abebaw-adamuAbebaw, busy with doctoral research on ethnic and religious diversity in universities, talks of his modus operandi with regard to publishing. He started submitting work to highly regarded local journals. It took more than a year to get published after peer review, revision, and production, proving to be a strong learning experience. He has gone on to publish in International Journal of Public Policy, International Quarterly of Community Health Education, International Journal of Community Diversity, Journal of Ethiopian Studies, Ethiopian Journal of Education, and Journal of Ethiopian Higher Education. For Abebaw, resources like Academic Writing and Publishing: A Practical Handbook and Tips for Writing Scientific Journal Articles were key inputs. To those starting out, he would recommend participating in academic writing workshops, seminars, and panel discussions as ways of practising research communication. He also encourages asking for comment and feedback from experts and colleagues. Abebaw aims to further hone his writing skills and to purse the next publication while keeping in balance the demands of the doctoral deadline. He likens learning to publish with learning to swim: 'it is a matter of time and courage'.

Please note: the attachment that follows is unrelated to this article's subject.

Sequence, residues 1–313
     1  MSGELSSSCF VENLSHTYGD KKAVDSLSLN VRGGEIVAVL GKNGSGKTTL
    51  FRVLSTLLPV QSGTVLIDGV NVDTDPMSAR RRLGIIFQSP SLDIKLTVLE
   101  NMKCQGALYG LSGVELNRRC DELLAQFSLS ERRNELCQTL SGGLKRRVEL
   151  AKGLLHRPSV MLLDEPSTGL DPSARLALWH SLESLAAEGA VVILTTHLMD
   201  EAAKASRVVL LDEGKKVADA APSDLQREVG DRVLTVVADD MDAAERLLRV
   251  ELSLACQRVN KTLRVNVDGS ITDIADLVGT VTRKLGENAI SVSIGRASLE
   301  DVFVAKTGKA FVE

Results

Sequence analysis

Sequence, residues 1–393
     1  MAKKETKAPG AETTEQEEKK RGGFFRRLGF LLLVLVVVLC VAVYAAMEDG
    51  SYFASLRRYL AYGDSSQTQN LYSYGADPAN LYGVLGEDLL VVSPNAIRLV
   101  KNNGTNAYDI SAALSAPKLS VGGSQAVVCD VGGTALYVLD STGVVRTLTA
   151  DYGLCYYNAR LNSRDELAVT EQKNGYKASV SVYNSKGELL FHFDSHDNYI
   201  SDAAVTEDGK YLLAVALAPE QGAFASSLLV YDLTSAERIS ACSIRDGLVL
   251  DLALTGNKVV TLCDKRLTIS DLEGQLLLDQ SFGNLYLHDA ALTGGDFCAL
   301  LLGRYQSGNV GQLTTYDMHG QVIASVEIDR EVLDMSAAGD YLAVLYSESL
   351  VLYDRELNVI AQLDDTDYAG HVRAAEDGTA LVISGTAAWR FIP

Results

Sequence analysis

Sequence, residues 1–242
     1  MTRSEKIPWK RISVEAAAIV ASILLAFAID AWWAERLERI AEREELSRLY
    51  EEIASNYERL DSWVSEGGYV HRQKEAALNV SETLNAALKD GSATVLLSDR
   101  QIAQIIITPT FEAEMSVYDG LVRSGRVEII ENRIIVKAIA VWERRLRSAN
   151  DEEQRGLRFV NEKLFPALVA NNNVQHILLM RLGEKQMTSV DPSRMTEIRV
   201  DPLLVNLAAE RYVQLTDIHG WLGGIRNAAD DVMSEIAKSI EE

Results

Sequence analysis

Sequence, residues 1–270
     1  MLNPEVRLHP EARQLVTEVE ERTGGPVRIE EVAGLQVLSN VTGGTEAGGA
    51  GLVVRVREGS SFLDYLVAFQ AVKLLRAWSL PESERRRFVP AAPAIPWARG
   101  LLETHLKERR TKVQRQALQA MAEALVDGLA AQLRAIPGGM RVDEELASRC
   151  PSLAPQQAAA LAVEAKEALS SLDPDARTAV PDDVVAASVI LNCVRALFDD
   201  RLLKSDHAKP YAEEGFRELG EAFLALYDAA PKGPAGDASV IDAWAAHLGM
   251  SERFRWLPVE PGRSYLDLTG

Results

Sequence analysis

Jacqueline, Chidi, and Abebaw are all keen to demystify the process and to encourage others along the way. They highlight how helpful it is to become familiar with the publication and writing process through reading and practice, seeking input from mentors and workshops, careful manuscript preparation, and the in-depth process of revision and refinement. As authors, we want to keep moving on and up with our publications. At the same time, we want to stop readers in their tracks and to make a lasting contribution.




Additional Resources:


Author resources on publishers’ sites such as Taylor & Francis Author Services

Last modified on 20/05/2019
Tags: Africa, early careers, PhD, students